Which witch hunting?

Vinitika Lal . November 26, 2020

“They all pinned me down, grabbed my arms and legs so I was unable to move and shaved my head while I kept screaming and begging them to let me go.”


T his post is the first in a series of mapping the milestones of a current research project. The research is using a Critical incident methodology to capture change actions witnessed during a recent witch hunting episode in Jharkhand, as narrated by key people involved in it. The critical incident technique (CIT) is a research method in which the research participant is asked to recall and describe a time when a behavior, action, or occurrence impacted (either positively or negatively) a specified outcome (for example, the accomplishment of a given task). This post covers the research questions being considered and the possible directions for the research to explore.

The project idea emerged from a series of conversations and workshops on bringing Theatre of the Oppressed as a core practice in order to create shifts in perspectives and action w.r.t the practice of branding and hunting of women as witches in certain regions in Jharkhand.

The process begins with a recent case in Jharkhand where a woman was branded and publicly attacked and humiliated. The interviews are based on narrative practice and the first level design invited respondents to share their story of the ‘episode’ as they recall the process.

Methods: The stories were captured with the help of a Narrative Inquiry approach through phone conversations with respondents- Respondents interviewed so far: Survivor and member of her family; 3 Block Resource Persons (BRPs); 1 JSLPS (Jharkhand State Livelihoods Promotion Mission) Official.

As one approached the episode and the surrounding web of events, it seemed somewhat overwhelming and complex in terms of the different aspects of the experiences. It seemed useful to study the story /narrative as a unit in order to structure the experience and organise it into meaningful units.

The incident

T he survivor, Sukhwanti devi (name changed), was accused of causing the death of her older brother-in-law who owned a shop in the village. After the death of the brother-in-law the store had been shut for about a month and on the day of the incident, the owner’s 12-year-old son claimed that he saw the survivor inside the closed shop from the window. According to him, she then transformed into a black colored cat and disappeared. The child reported this back to the family and that’s when the family started to accuse her of ‘eating up’ the man and being a Dayan. They then gathered a crowd, and she was then beaten up, stripped and paraded in the entire village. The crowd also held her down and applied leaves that caused a burning and itching on the skin and shaved her head. She was then asked to pay a fine of Rs 1000 which she could not, and she begged to be allowed to go for Rs. 500. Her plea was granted, and she was released.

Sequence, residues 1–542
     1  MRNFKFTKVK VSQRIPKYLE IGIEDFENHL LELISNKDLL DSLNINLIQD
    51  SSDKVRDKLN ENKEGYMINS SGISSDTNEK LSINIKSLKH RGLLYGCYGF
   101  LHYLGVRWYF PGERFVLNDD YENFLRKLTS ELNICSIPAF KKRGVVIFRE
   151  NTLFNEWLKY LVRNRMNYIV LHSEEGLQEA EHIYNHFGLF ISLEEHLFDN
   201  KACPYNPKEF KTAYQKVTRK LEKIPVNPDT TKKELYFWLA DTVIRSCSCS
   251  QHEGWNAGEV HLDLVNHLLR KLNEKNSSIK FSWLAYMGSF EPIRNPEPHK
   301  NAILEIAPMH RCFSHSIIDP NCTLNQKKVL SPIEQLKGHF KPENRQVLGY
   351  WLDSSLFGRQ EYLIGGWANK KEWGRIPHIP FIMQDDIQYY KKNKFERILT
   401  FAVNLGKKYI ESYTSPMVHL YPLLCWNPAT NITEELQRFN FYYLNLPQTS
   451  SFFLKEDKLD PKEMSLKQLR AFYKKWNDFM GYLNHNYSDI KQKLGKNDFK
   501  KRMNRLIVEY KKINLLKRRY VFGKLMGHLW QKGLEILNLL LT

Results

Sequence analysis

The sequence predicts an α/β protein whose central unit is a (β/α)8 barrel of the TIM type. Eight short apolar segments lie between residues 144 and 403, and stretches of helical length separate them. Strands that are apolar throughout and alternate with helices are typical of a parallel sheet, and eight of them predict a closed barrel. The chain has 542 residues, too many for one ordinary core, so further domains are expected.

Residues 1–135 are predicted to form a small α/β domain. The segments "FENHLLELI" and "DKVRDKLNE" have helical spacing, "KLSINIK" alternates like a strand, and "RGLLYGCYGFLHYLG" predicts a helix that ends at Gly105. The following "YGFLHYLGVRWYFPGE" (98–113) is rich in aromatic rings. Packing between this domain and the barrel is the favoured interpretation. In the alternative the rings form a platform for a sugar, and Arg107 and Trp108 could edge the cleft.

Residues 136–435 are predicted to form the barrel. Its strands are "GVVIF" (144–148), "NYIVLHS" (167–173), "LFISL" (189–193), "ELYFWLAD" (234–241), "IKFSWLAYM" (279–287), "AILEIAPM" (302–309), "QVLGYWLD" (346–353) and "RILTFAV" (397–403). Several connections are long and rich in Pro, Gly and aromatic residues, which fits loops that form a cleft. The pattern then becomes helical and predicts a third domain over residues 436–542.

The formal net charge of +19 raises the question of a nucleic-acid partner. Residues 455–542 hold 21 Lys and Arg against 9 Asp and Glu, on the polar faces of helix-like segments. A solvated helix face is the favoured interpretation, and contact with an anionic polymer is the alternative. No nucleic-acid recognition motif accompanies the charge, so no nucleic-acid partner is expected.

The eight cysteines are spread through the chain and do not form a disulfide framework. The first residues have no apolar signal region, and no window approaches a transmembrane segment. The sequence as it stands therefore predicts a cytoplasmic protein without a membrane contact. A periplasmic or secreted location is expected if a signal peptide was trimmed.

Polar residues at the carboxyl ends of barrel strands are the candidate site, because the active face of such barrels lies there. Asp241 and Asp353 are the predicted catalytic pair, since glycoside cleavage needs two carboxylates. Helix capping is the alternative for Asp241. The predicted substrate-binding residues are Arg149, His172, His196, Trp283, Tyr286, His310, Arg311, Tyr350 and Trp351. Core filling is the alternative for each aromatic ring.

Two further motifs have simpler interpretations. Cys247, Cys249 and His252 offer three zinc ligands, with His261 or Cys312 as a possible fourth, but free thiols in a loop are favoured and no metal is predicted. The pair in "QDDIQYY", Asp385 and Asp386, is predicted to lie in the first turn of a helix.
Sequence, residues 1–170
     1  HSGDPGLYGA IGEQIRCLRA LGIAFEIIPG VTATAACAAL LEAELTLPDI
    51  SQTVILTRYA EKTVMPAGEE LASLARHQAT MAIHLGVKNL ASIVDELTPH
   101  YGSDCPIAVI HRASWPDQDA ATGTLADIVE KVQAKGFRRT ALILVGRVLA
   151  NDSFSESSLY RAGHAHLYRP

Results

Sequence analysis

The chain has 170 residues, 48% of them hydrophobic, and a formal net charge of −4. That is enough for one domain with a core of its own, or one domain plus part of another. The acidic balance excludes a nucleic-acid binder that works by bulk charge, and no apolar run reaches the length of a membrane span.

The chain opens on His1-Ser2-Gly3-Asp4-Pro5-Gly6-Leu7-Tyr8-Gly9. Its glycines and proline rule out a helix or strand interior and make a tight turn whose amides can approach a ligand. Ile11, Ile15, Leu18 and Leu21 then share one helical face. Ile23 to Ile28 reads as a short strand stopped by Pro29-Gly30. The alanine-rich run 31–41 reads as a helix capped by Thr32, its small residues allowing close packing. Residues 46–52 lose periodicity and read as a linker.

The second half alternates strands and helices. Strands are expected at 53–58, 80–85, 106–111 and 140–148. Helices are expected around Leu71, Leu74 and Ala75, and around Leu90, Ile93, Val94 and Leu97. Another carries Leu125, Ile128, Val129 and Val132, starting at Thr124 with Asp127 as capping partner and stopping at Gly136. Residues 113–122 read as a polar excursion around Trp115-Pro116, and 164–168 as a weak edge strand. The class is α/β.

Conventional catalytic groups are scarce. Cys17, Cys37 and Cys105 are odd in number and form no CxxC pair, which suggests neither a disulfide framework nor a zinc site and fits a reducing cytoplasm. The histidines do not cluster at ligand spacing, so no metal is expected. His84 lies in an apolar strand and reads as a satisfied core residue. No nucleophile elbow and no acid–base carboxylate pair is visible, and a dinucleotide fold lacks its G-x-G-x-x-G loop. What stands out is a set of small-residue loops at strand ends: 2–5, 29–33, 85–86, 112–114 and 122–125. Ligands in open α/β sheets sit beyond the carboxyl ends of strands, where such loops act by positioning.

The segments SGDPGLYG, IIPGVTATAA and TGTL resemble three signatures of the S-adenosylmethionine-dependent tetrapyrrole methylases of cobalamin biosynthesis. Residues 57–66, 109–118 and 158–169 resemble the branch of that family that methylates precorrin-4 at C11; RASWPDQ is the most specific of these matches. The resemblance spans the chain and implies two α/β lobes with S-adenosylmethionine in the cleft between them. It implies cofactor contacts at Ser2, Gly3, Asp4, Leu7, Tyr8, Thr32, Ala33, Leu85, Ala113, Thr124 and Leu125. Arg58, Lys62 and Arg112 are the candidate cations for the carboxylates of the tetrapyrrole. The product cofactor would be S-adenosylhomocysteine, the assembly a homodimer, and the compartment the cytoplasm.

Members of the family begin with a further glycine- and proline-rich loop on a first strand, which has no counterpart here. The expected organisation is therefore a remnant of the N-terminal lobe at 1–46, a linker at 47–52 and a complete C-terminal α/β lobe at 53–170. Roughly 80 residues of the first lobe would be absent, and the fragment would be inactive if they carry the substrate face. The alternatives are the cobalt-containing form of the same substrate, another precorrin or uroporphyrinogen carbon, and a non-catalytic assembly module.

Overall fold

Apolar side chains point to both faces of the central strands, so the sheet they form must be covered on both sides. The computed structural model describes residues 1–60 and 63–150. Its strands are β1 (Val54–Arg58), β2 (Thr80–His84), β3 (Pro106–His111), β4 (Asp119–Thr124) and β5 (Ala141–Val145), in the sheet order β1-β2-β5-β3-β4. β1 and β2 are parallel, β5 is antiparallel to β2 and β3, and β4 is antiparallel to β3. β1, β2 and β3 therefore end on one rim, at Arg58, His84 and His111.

Within 3-4 days of the incident, the villagers collected signatures from 84-100 people approximately on a blank sheet of paper. An accusation of robbery was then written on the paper and given to the local police station so that the survivor could then be arrested for theft. Around the same time, the police received an anonymous call reporting the witch hunt incident following which the police went to the village and verified the occurrence of the event. They then asked the family to register a case without which they would not be able to investigate or take any action against the perpetrators. Sukhwanti devi and her son then filed a police complaint following which 9 arrests were made from the village.

The family received many threats after filing the report especially from the families of those arrested. It appears that the arrested people were soon released on bail and there has been no further event/follow up of the case.

Three weeks later..

O ne of the BRP women, Radha (name changed) from a neighboring village who is also in charge of the village of the incident accidentally discovered the news of the incident through the survivor’s daughter in law. She then spoke with a few more women from neighboring villages and together they went to the village to meet with Sukhwanti and verify more details. They report that they were not acknowledged or spoken to by anyone else except Sukhwanti and the daughter in law the rest of the village people ‘ignored’ their presence. In fact, at some point they got angry and a crowd got together and chased them out of the village.